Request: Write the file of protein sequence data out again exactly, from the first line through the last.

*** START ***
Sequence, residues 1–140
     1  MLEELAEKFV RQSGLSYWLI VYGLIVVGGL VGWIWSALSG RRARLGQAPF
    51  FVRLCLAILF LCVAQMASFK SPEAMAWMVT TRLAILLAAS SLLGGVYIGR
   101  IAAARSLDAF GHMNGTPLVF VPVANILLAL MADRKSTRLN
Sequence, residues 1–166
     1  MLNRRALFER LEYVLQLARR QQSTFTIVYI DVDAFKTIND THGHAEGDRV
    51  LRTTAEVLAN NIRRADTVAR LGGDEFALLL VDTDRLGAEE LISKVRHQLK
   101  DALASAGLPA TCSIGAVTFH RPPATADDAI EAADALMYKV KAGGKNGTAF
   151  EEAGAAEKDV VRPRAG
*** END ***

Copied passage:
Sequence, residues 1–140
     1  MLEELAEKFV RQSGLSYWLI VYGLIVVGGL VGWIWSALSG RRARLGQAPF
    51  FVRLCLAILF LCVAQMASFK SPEAMAWMVT TRLAILLAAS SLLGGVYIGR
   101  IAAARSLDAF GHMNGTPLVF VPVANILLAL MADRKSTRLN
Sequence, residues 1–166
     1  MLNRRALFER LEYVLQLARR QQSTFTIVYI DVDAFKTIND THGHAEGDRV
    51  LRTTAEVLAN NIRRADTVAR LGGDEFALLL VDTDRLGAEE LISKVRHQLK
   101  DALASAGLPA TCSIGAVTFH RPPATADDAI EAADALMYKV KAGGKNGTAF
   151  EEAGAAEKDV VRPRAG